Mechanics of Energy Dissipation in Dense Granular .. (MEDIGRA)
Mechanics of Energy Dissipation in Dense Granular Materials
Start date: 01 Nov 2008,
End date: 31 Oct 2011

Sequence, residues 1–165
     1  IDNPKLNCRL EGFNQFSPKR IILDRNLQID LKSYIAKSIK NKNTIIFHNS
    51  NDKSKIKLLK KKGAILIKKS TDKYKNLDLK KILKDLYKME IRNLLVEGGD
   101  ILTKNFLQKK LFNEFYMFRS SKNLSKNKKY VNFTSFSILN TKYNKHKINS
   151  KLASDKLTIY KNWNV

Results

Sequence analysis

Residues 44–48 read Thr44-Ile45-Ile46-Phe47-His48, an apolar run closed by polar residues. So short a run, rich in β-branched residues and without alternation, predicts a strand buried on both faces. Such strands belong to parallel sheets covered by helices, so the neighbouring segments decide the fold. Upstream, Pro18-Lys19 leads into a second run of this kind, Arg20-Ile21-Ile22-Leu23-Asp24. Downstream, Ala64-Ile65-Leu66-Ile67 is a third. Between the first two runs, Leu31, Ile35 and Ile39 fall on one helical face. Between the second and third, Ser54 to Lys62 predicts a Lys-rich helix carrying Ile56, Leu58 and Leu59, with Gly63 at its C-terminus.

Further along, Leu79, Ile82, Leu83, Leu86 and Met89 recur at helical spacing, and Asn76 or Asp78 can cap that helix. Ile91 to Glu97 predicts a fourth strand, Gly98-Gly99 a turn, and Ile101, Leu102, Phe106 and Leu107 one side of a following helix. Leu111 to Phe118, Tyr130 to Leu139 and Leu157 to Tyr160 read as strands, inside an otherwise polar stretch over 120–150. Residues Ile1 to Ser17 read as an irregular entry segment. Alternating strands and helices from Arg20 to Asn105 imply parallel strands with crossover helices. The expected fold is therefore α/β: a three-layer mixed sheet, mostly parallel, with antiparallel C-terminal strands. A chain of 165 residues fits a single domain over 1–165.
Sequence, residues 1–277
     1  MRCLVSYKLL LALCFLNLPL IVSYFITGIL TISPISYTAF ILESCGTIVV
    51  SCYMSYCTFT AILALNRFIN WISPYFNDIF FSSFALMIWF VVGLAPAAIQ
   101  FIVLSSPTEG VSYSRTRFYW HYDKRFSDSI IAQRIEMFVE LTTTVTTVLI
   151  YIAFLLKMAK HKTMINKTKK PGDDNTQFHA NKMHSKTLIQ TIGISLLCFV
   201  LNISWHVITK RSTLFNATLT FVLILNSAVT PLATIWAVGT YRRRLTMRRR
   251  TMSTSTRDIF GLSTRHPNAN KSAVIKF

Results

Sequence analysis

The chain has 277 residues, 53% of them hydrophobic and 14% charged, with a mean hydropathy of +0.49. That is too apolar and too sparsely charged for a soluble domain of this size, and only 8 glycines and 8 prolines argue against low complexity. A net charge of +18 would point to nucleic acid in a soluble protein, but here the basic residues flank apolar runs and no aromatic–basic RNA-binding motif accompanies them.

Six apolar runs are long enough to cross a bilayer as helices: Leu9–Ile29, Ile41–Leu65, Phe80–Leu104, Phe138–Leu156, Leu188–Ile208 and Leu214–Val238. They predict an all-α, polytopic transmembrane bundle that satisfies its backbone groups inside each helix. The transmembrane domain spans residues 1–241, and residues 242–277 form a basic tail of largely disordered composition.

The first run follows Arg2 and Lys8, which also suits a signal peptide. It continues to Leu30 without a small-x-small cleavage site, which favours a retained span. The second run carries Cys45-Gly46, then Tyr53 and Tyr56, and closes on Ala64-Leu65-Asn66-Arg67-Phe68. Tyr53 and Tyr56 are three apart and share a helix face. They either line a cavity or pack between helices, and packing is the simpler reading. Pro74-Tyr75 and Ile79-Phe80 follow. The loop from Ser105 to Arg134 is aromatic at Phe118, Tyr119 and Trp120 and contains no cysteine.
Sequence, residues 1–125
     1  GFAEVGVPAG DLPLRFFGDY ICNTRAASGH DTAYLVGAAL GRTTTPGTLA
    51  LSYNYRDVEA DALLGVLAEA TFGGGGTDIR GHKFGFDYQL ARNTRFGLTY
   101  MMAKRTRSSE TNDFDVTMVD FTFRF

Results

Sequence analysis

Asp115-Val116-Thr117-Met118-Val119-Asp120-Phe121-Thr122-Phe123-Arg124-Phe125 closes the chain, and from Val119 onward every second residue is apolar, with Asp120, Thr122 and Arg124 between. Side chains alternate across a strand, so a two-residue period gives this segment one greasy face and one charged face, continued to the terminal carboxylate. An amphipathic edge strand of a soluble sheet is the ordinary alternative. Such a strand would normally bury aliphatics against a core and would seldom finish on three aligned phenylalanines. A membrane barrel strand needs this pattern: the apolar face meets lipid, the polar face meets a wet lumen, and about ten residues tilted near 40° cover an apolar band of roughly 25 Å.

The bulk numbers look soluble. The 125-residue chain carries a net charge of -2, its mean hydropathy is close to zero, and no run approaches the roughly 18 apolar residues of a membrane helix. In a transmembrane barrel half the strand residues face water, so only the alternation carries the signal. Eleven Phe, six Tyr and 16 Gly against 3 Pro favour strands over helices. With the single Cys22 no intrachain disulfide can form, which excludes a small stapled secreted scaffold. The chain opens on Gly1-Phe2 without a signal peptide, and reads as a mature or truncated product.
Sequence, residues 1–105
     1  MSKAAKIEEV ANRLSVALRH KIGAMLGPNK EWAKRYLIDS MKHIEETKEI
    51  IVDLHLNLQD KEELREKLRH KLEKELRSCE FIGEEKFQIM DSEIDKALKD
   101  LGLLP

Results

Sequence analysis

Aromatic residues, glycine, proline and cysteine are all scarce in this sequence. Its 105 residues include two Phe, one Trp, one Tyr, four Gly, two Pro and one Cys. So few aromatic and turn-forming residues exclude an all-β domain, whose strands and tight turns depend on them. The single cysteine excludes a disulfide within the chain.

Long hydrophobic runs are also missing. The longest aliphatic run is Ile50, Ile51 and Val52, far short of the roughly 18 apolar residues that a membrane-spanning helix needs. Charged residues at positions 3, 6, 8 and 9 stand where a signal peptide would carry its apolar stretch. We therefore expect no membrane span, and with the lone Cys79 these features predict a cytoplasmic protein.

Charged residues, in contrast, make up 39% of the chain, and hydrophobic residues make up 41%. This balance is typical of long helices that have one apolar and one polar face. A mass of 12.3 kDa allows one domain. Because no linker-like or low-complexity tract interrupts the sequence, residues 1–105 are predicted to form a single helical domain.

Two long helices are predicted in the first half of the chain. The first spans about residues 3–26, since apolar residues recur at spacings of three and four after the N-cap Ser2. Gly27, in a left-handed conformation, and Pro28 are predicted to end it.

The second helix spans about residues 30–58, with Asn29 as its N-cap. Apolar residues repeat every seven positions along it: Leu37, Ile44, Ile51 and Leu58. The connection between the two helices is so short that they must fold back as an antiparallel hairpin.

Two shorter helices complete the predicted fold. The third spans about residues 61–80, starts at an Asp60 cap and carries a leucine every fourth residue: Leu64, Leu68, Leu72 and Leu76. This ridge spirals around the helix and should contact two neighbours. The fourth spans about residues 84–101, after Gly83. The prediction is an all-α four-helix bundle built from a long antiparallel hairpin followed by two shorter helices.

Granular materials are of interest to different fields of the physical sciences and engineering. To model their behaviour, either a solid- or fluid mechanics approach is used. Rather than deforming uniformly, granular fluids develop thin shear-bands, which mark areas of flow, material failure and energy dissipation. The MEDIGRA project proposes a thorough experimental, theoretical and numerical study of the Mechanics of Energy DIssipation in dense GRAnular materials. The fundamental challenge faced by the project is to quantify the various energy dissipation mechanisms in dense granular materials using innovative thermo-poromechanical experiments. The measured characteristics are expected to lead to the formulation of appropriate analytical and numerical tools aimed to describe the mechanical behaviour of granular materials from the rigorous angle of energetics. In particular, the project proposes to: 1) Design, develop, install and exploit a novel Thermographic High Speed Cylinder Shear Apparatus (THSCSA) to study the properties of the mechanical and thermal boundary layer that is forming at the inner rotating-drum material interface, as well as determining the required thermographic properties of granular materials. 2) Convincingly quantify the way the total energy dissipation is split into heat production, grain breakage and other mechanisms, using the project-developed THSCSA apparatus and other advanced experimental apparatuses. 3) Develop physical models and robust numerical tools capable of incorporating the experimentally obtained dissipation characteristics. 4) Test the knowledge acquired within the project in two applications (shear segregation and landslide modelling). The project aims to advance our knowledge on the basic physics behind long-standing open problems such as the “heat-flow paradox” in earthquake mechanics, the lifetime prediction of imminent catastrophic landslides and the applicability of continuum approximations to segregation phenomena.
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